1893 Monroe County Poor House

Monroe County Poor-house was inspected without notice, by Commissioner Craig, in company with Mr. David M. Hough, chairman of sub-committee of county visitors, and accompanied by Mr. C.V. Lodge, the warden, July 24, 1893. An official visit with the same company was made in the preceding winter.

The number of inmates in Monroe County Alms-house, July 24, 1893, was 266; of which men were 174, and women were 92; infants under 2 years old were 2; epileptics were, men, 5, and women, 2, total 7; idiots were, males, 3, females, 1, total, 4; blind were, men, 2, women, 1, total, 3; of insane there were none, and of children between 2 and 16 years of age there were none. Number of State paupers, males, 5, total, 5, as follows:
No. 316. Jacob Zimmerlee.
No. 1803. John Hoyt.
No. 1827. Michael Welch.
No. 1837. Frank Aubry.
No. 1836. John Murphy.

In 1892 an addition was built to the east wing of the male department, 50 x 60 feet, and four stories high, with slate roof, to correspond with the old part. A lavatory, 15 x 18 feet, and four stories high, was also built on the north side at the junction of the new and old parts, and connected with the main building by a cross corridor. The addition is built of brick and finished on the inside, on the brick, with two coats of paint and a coat of spar varnish-no plaster. The floors are hard maple and the ceilings corrugated steel, except the fourth story. It is heated by steam, with Bundy radiators, having flues from the bottom, through the wall to the outside air.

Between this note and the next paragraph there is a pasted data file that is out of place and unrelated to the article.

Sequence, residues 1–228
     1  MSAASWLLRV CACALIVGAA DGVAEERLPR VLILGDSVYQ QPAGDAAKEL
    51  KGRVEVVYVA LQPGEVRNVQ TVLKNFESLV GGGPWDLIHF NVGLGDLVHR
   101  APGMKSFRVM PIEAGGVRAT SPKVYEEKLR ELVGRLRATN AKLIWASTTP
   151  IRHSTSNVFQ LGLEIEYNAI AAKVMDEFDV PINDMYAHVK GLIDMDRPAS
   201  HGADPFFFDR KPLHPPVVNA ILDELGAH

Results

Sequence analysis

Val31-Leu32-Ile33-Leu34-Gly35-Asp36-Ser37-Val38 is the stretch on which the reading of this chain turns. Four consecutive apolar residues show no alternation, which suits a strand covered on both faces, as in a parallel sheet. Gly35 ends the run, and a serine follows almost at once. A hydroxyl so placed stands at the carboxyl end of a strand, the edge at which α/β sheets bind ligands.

Ventilation is secured through ventilating flues in chimneys, with steam coil in the top, to insure circulation. The fourth story has a ceiling of Georgia pine and trussed roof, leaving a clear floor, 50 x 53 feet, eighteen feet hjgh. This room is used as a hospital ward, and can accommodate thirty patients. The first, second and third floors have a few rooms for employes, but are mainly used as dormitories, and have a capacity of about 100.